• And where are the related languages? This again depends on who brought the language to Western Europe. If it was the Bell Beakers, one should look at languages like North Caucasian ones, especially NE Caucasian (and Hurrian-Urartian), since Lezgins or Tabassarans are probably the more direct descendants of the pre-Yamnaya population from the North Caucasus steppe (we’re still waiting for Hurrian aDNA, Hurrian being a possible ancestor of NE Caucasian. Given that we know that someone brought R1b-Z2123 to the Near East starting ca. 2400-2300 BCE, and that it was not Kura Araxes, given the time and place of appearance of Hurrians they might be the best candidates for it. Still just my speculation, but if someone sees a better candidate please comment about it). Also Uralic. And more distantly other North Eurasian languages possibly influenced by the steppe (now surviving in Siberia basically). If instead it was the EEF who brought the languages, then clearly Afro-Asiatic (and specially Semitic) would be the best candidates (with Kartvelian or maybe IE -if proved not to be from the steppe-). Again, a different thing is that this will give any tangible results. Languages separated thousands of years ago in extrerme ends of the continent without post split contact between them, but very strong contacts with other languages are very difficult to relate beyond coincidental features (like, apparently, Hurrian, Uralic and Basque not allowing words starting with “r-“). Still, knowing what and where to look for, and a collective effort at it, is the only possibility to find some results. Worth a try for historical linguists.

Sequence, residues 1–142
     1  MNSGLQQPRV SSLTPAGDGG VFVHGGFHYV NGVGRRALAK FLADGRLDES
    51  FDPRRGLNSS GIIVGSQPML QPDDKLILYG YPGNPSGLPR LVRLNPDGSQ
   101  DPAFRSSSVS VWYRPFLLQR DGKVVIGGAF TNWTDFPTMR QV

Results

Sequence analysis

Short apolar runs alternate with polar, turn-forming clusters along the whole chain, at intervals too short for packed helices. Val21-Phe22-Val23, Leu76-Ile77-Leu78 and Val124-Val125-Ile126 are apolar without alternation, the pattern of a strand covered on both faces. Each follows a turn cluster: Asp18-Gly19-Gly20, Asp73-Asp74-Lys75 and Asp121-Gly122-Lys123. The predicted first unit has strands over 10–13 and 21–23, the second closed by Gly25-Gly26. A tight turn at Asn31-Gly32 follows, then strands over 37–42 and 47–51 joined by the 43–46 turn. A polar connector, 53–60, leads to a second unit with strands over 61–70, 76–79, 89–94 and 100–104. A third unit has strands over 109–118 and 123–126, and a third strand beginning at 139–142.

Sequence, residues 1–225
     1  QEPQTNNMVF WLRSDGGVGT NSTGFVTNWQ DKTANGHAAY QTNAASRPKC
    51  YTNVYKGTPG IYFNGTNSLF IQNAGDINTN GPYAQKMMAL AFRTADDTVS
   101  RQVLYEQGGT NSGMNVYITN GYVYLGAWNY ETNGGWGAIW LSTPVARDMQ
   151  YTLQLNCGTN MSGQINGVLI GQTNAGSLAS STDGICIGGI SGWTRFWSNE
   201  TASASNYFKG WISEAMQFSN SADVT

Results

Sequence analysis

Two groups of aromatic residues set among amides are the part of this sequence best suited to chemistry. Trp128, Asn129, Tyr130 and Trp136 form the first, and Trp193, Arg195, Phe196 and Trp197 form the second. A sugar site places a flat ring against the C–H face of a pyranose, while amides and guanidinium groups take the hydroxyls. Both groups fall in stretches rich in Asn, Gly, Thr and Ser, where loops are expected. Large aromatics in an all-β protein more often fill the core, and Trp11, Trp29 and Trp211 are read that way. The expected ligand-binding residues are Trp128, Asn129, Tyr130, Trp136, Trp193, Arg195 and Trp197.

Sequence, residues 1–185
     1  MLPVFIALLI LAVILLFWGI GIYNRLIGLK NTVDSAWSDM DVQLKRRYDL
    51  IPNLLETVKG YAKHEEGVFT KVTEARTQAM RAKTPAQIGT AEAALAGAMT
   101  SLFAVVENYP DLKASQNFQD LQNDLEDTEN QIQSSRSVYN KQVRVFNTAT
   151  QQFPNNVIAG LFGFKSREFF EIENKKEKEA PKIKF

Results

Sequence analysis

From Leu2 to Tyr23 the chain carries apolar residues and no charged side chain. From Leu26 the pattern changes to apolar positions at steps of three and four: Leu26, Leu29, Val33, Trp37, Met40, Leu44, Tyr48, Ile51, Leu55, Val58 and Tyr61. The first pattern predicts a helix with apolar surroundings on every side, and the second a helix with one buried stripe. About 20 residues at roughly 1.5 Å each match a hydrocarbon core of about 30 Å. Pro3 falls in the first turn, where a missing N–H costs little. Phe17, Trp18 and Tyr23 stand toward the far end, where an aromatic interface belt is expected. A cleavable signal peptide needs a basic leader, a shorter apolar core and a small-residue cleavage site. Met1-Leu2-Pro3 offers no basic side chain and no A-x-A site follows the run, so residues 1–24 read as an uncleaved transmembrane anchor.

Closing remarks

This post is not intended in any intentional way to be controversial, nor to be exhaustive or to be specially accurate. It’s main purpose is to stress the importance of studying languages within it’s real historical and geographical context, taking into account all the different factors that influence every specific language (which are different in each case) and to move away from more idealistic and abstract analysis that have proven to bring poor and flawed results. And very specially, to take advantage of the wealth of new data coming from aDNA that puts some very tight constraints on what is possible and/or likely and what isn’t. aDNA is still a work in progress, but moving at an incredible fast pace. It has already provided amazing discoveries that change not only history, but also have important consequences for linguistics. I encourage linguists to keep a close eye on these developments, even if it forces them to abandon a line of research to which they have dedicated a long time and effort. This are times of fast change, and it’s fundamental to adapt to them and not get stuck in old theories.

48 thoughts on “Ancient DNA and Linguistics: an introduction